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ARS Home » Southeast Area » Fort Lauderdale, Florida » Invasive Plant Research Laboratory » Research » Publications at this Location » Publication #408201

Research Project: Development and Implementation of Biological Control Programs for Natural Area Weeds in the Southeastern United States

Location: Invasive Plant Research Laboratory

Title: Host range, biology, and climate suitability of Callopistria exotica, a potential biological control agent of Old World climbing fern (Lygodium microphyllum) in the USA

item Wheeler, Gregory
item LAKE, ELLEN - Mt Cuba Center
item SUTTON, GUY - Rhodes University

Submitted to: Biological Control
Publication Type: Peer Reviewed Journal
Publication Acceptance Date: 12/1/2023
Publication Date: N/A
Citation: N/A

Interpretive Summary: Old World climbing fern, has rapidly invaded southern Florida. The weed climbs over other plants, including tall trees, forming massive walls of vegetation. It also forms thick mats on the ground that smother native plants. Currently, the weed has spread throughout most of the Florida peninsula. The weed is a severe problem in many of the most important parks and preserves in south Florida including Loxahatchee National Wildlife Refuge, the Panther Refuge, Audubon Corkscrew Sanctuary, J. Dickinson Park, Fakahatchee Strand State Preserve State Park, and Everglades National Park. First detected in Everglades National Park in 2001, the weed occupied an estimated 900 hectares of coastal marsh spread over 40 miles. Old world climbing fern is a suitable target for biological control as it causes harm to infested areas, no cost-effective, sustainable control methods are available, and because there are few close relatives in Florida, there is little threat to non-target species. To test the suitability of the new potential biological control agent, the defoliator Callopistria exotica, a series of no-choice tests was conducted on 68 plant species. The results indicate that C. exotica is highly specific to Old-World climbing fern and one other species that is also an exotic invasive, Lygodium japonicum. Thus, we conclude that this proposed biological control species is highly specific and will not survive typical winter temperatures north of Florida. We request permission for the release of C. exotica against Old World climbing fern.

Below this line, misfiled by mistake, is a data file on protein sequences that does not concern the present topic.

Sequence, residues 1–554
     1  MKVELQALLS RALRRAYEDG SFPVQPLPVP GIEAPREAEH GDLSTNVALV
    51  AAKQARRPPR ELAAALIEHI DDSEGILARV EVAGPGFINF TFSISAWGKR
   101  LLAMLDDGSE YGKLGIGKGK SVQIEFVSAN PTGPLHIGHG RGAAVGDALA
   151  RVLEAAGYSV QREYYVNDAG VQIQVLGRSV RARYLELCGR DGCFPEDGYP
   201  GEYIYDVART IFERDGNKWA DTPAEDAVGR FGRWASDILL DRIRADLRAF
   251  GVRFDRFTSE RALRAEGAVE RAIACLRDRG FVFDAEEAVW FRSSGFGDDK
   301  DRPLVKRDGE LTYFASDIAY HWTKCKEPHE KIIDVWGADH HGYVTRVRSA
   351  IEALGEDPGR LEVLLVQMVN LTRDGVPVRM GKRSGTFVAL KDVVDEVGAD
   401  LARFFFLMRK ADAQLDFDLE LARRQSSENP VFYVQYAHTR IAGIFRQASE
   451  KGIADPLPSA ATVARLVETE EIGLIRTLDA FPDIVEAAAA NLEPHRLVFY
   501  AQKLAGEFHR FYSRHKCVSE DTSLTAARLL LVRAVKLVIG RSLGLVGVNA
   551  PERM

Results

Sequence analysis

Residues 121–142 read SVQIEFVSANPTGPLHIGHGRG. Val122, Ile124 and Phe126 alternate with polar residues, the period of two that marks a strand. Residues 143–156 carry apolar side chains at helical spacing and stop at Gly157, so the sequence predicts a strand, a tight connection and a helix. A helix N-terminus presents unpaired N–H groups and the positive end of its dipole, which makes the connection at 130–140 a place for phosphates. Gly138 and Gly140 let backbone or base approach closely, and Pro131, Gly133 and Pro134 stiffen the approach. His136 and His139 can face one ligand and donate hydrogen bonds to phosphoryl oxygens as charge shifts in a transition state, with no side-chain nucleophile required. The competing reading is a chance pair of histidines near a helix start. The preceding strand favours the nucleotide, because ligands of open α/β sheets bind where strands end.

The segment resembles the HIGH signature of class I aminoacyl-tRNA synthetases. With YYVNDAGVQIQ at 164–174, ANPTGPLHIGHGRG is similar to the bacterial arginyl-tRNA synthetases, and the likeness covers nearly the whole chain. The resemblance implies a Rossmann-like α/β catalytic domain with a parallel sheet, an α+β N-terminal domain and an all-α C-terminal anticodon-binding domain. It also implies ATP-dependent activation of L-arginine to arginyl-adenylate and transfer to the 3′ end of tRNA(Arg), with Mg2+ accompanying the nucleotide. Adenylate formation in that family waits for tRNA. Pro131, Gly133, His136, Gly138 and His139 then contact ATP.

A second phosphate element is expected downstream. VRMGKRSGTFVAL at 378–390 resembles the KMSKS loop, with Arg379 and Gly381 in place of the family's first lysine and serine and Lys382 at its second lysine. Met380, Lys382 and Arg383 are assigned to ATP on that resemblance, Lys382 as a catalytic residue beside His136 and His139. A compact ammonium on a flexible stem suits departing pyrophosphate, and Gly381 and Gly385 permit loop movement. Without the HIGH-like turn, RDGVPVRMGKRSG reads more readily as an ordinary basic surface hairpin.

Technical Abstract: Old World climbing fern, Lygodium microphyllum (Cav.) R. Br., is one of the worst environmental weeds of southern Florida. The weed climbs over other plants, forming thick mats on shrubs and trees that block sunlight to native plants. In the invaded range, Old World climbing fern invades much of the southern peninsula of Florida where cost-effective, sustainable control methods are needed. A potential biological control agent, the defoliator Callopistria exotica, was collected in Hong Kong and examined in quarantine to determine if it was safe for release. Climate modeling analysis was also performed to predict the potential climate suitability of C. exotica in the invaded range. A series of no-choice tests was conducted on 68 plant species from 45 genera, 33 plant families, and 18 orders. The results indicated that C. exotica is highly specific to the target weed, L. microphyllum and a congener that is also an exotic invasive, L. japonicum. The results indicated that the neonates fed and matured to the adult stage on the target weed L. microphyllum (0.71 ± 0.02 proportion survived) and on another invasive fern, L. japonicum (0.84 ± 0.04 proportion survived). While no C. exotica neonates survived when fed L. oligostachyum, a low proportion survived to the adult stage when fed the non-targets L. palmatum (0.07 ± 0.03), L. venustum (0.01 ± 0.01), and L. volubile (0.07 ± 0.03). Additionally, though few larvae survived to the adult stage when fed L. palmatum and L. volubile their development time were greater (1.3-1.5 - fold longer) and pupal weights were lower (0.7-0.9 - fold less) than those fed the target weed. All neonates perished within 3 days when fed the remaining 62 species evaluated in these no-choice tests. Climate modeling indicated that the suitability of North American climates for the establishment of C. exotica are very high in south Florida but very unsuitable north of the L. microphyllum invaded range. These results indicated that, this potential biological control agent, is highly specific to L. microphyllum and L. japonicum and will have no, or very low survival on other non-target species. The release of C. exotica will assist in the effort to manage the invasive weed Old World climbing fern.